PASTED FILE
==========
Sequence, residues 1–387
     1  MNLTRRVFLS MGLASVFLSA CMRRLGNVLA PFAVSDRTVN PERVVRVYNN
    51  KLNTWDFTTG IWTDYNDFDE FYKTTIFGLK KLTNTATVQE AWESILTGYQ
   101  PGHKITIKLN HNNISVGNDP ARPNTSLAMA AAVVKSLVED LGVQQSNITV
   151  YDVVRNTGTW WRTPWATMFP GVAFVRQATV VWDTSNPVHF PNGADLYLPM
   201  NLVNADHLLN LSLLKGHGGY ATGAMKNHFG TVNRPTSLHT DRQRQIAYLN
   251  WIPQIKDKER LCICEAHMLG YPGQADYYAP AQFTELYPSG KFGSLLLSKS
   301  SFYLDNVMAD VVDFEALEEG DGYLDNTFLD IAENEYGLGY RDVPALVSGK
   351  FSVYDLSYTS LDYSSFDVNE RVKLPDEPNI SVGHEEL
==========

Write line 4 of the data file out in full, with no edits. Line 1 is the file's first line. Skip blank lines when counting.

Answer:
   101  PGHKITIKLN HNNISVGNDP ARPNTSLAMA AAVVKSLVED LGVQQSNITV